NEW ORLEANS — The traditional organizational structure of a textile service company can often look like a puzzle with several pieces out of place, consultant Troy Lovins, president of Performance Matters, told a seminar audience this morning at the Clean Show.
Misaligned teams, goals, agendas and incentives hamper a company’s ability to do business. “Silo” management in which departments work independently and sometimes directly in opposition can develop.
“Silos are the archenemy of the self-managed team,” Lovins said.
A self-managed team is one that has the ability to act, take responsibility for and take ownership of its service when management isn’t there.
Keys to creating a successful self-managed team are:
Build a common vision. Lovins suggests offering a broad perspective and using a SWOT (strengths, weaknesses, opportunities, threats) analysis tool. “Get people centered on a single ‘Why?’”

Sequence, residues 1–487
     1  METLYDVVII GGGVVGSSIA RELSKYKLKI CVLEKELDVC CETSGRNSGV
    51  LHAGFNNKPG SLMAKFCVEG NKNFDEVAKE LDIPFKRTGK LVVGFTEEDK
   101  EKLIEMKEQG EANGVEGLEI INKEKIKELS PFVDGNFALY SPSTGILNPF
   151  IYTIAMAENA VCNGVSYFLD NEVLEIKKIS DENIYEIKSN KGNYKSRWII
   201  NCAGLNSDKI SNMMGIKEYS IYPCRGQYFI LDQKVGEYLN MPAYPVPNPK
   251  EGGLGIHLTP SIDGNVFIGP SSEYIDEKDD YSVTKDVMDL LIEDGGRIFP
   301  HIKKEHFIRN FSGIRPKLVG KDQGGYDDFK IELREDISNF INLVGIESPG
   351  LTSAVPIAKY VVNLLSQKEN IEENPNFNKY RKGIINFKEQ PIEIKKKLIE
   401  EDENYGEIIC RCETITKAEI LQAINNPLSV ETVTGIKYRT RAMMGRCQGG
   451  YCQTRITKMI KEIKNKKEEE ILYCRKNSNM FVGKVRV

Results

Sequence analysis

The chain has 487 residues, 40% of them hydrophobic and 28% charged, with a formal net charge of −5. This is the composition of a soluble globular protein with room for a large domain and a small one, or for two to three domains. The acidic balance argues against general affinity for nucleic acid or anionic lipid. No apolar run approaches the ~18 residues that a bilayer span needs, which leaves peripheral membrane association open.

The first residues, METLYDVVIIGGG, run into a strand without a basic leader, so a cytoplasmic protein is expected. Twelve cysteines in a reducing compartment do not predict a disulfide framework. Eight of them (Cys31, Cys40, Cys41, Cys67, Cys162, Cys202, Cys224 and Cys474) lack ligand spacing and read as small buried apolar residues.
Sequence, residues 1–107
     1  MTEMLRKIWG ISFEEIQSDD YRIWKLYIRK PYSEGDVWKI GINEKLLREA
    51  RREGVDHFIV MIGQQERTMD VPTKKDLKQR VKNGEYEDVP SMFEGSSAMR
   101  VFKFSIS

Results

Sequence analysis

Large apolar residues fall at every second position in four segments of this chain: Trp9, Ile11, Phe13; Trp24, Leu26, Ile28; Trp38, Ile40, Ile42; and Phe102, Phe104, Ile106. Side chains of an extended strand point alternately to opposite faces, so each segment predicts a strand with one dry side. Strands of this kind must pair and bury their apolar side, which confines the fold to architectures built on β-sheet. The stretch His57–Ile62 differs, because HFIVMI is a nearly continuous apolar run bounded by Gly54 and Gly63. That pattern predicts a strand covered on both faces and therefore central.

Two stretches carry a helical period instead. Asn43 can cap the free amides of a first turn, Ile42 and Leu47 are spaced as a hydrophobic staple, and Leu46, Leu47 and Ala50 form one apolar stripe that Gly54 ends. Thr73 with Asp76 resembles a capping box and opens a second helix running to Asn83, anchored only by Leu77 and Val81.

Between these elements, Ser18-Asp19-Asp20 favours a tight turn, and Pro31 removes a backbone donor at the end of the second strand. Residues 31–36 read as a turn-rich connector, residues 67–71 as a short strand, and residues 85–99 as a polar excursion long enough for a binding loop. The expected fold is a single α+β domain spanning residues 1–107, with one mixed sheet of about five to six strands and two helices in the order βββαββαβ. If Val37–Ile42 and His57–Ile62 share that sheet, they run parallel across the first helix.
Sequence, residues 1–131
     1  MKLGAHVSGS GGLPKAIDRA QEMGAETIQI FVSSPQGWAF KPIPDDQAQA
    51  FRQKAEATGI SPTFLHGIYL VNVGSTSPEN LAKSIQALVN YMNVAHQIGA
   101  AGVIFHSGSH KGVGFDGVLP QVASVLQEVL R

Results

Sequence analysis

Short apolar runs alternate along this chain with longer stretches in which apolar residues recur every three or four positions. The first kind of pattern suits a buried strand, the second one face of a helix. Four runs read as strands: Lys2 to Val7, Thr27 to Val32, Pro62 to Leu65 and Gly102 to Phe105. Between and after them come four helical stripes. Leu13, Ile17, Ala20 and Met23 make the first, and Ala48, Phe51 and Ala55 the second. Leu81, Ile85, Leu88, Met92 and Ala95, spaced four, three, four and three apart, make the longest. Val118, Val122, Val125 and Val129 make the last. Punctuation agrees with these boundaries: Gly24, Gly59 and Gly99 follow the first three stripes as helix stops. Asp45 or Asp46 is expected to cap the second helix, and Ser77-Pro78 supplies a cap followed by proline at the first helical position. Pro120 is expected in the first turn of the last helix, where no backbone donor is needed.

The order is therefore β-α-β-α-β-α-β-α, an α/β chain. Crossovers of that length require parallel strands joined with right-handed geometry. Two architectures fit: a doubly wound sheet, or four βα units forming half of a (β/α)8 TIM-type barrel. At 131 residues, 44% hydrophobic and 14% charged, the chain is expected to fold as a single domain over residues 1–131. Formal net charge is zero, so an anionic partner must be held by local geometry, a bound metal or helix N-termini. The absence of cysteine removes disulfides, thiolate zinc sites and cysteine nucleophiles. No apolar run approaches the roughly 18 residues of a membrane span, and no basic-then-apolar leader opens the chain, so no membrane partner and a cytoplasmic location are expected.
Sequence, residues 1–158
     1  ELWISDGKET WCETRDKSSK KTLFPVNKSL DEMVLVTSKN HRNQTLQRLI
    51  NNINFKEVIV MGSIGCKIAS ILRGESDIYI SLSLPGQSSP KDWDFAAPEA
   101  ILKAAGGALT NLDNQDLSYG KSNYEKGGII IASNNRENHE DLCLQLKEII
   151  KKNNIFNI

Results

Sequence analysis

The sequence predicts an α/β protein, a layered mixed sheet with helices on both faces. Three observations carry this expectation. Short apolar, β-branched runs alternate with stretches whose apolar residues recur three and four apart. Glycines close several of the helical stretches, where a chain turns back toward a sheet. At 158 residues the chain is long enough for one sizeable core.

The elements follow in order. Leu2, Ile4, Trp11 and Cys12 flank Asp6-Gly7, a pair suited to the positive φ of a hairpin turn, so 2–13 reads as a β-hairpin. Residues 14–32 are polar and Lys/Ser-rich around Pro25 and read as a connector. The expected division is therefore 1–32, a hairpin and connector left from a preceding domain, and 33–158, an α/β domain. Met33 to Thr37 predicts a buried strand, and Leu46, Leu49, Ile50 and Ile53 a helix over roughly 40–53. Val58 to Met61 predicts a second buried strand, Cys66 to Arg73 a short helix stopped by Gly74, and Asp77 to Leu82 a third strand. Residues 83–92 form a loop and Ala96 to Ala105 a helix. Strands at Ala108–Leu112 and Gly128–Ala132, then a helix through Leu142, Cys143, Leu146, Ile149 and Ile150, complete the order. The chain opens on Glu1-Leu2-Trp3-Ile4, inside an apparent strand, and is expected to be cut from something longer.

- Align incentives. Often, sales, service and the office staff are throwing darts at different targets, Lovins said. “Use your vision to create common incentives and they will produce a single ‘goal-focused’ team with similar agendas.”
- Communicate, coach and measure. Replace old-style route meetings (“Billy, don’t forget to check your oil”) with structured meetings featuring clear agendas, then hold workers accountable for taking action, Lovins said.
- Many times, a coaching style is more effective than a straight management style.
- Finally, use key performance measures and make sure they’re “global.” “Let everyone know what the sales team did last week.”
Instead of practicing “hair on fire” management, the leader of a self-managed team can have confidence the job will get done and the company will flourish, Lovins said.
“Imagine what it would be like to go on vacation for two weeks and not have to pick up the phone.”
The Uniform & Textile Service Association (UTSA) sponsored the session.